The German Federal Minister for Foreign Affairs, H.E. Ms Annalena Baerbock met with the Glencree Centre for Peace and Reconciliation Team at the German Ambassador’s residence in Ballsbridge, Co. Dublin this morning as part of her two-day visit to Ireland. Ms Baerbock and the German delegation, along with the German Ambassador to Ireland H. E. Mr Cord Meier-Klodt, met with Glencree’s Community and Political Dialogue Team as well as political representatives from across the island and discussed the impact that Brexit and the Northern Ireland Protocol have had on the island.
Ms Baerbock was interested to engage with senior political and community leaders from across the island to discuss and learn more about how Brexit and the Northern Ireland Protocol have affected people’s identities and communities on the ground. Representatives analysed the current political impasse in Northern Ireland, as well as ways in which the blockages and difficulties can be managed and / or mitigated in addition to the opportunities that the Protocol presents to the island.
The Foreign Minister was also keen to learn more about issues pertaining to the Legacy of the past conflict during the ‘The Troubles’ and of how best to create appropriate structures and arrangements to help people come to terms with the loss of their loved ones.
Born in Hanover, West Germany in 1980, Ms Baerbock has held the position of German Federal Minister for Foreign Affairs for a year now since December 2021. From 2018 to 2022, Ms Baerbock served as co-leader of Alliance 90/The Greens. She was the party's chancellor candidate in the 2021 federal election, making her the first such candidate for the Greens and, after Angela Merkel, only the second woman to be nominated for chancellor by a major German political party. She was first elected to the Bundestag in 2013. From 2012 to 2015, she was a member of the party council of Alliance 90/The Greens and from 2009 to 2013 the leader of her party's state group in Brandenburg. Ms Baerbock attended the University of Hamburg and the London School of Economics and Political Science.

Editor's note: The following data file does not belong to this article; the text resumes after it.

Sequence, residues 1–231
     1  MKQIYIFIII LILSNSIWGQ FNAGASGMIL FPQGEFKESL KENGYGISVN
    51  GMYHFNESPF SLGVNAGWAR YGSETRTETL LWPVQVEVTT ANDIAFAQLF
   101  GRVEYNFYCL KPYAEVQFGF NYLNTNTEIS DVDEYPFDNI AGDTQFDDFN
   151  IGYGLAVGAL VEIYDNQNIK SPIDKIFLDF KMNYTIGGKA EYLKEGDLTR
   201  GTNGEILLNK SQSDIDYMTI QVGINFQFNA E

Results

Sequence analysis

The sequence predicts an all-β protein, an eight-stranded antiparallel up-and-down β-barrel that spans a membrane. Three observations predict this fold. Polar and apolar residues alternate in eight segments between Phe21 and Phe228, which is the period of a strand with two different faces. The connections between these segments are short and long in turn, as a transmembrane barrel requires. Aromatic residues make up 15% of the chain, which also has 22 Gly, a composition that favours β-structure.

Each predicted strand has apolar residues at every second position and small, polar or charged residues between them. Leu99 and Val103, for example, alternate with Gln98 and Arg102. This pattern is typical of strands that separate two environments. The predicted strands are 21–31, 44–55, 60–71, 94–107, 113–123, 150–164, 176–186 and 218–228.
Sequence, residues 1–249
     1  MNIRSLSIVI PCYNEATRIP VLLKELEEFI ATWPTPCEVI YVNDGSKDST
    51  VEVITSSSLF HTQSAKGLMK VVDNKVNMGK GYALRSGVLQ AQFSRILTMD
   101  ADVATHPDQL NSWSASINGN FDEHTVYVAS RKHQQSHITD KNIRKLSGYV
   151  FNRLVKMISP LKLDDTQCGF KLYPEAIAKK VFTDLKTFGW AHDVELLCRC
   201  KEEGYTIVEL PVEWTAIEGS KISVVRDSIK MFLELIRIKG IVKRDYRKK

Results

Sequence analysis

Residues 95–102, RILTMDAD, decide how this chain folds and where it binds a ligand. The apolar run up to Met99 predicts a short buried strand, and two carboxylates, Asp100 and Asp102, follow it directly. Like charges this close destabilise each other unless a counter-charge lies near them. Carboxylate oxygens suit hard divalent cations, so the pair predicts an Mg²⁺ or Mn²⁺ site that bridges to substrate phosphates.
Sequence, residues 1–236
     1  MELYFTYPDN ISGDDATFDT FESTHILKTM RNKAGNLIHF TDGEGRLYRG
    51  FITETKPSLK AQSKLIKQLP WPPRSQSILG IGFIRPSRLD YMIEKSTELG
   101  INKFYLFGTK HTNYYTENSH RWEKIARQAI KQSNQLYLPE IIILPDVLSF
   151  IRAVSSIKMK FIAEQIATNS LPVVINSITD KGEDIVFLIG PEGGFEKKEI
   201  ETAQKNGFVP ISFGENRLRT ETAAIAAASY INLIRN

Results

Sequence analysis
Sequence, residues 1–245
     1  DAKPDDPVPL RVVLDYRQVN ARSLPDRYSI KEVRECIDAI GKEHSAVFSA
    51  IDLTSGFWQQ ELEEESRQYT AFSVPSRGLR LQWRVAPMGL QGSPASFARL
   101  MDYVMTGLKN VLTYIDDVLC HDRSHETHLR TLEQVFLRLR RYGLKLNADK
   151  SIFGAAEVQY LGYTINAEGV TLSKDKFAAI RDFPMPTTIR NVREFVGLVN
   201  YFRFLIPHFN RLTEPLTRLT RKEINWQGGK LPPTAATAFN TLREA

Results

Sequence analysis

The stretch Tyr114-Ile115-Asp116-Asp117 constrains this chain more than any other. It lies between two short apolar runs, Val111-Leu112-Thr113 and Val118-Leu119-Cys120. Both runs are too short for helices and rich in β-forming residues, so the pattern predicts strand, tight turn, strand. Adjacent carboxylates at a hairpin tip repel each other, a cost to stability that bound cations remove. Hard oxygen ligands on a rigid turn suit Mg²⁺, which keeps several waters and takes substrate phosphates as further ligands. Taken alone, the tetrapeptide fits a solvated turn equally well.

The Glencree Centre (https://glencree.ie/) is dedicated to transforming violent conflict and building peaceful, inclusive societies across the island of Ireland, within Northern Ireland, between Ireland and the UK, and internationally. Established in 1974 in response to the conflict in Northern Ireland, Glencree played a key role in the peace process bringing together those in conflict for confidential dialogue and building relationships across divides. Today, we work with victims and survivors in Northern Ireland; women from marginalised communities who experience political conflict/violence, migrants, refugees and members of ethnic and faith minority communities; students and young adults north and south of the border; and policymakers, politicians, diplomats and civil society leaders who work to find solutions to sustainable peace. We also continue to share learnings in conflict and post-conflict societies internationally including Haiti.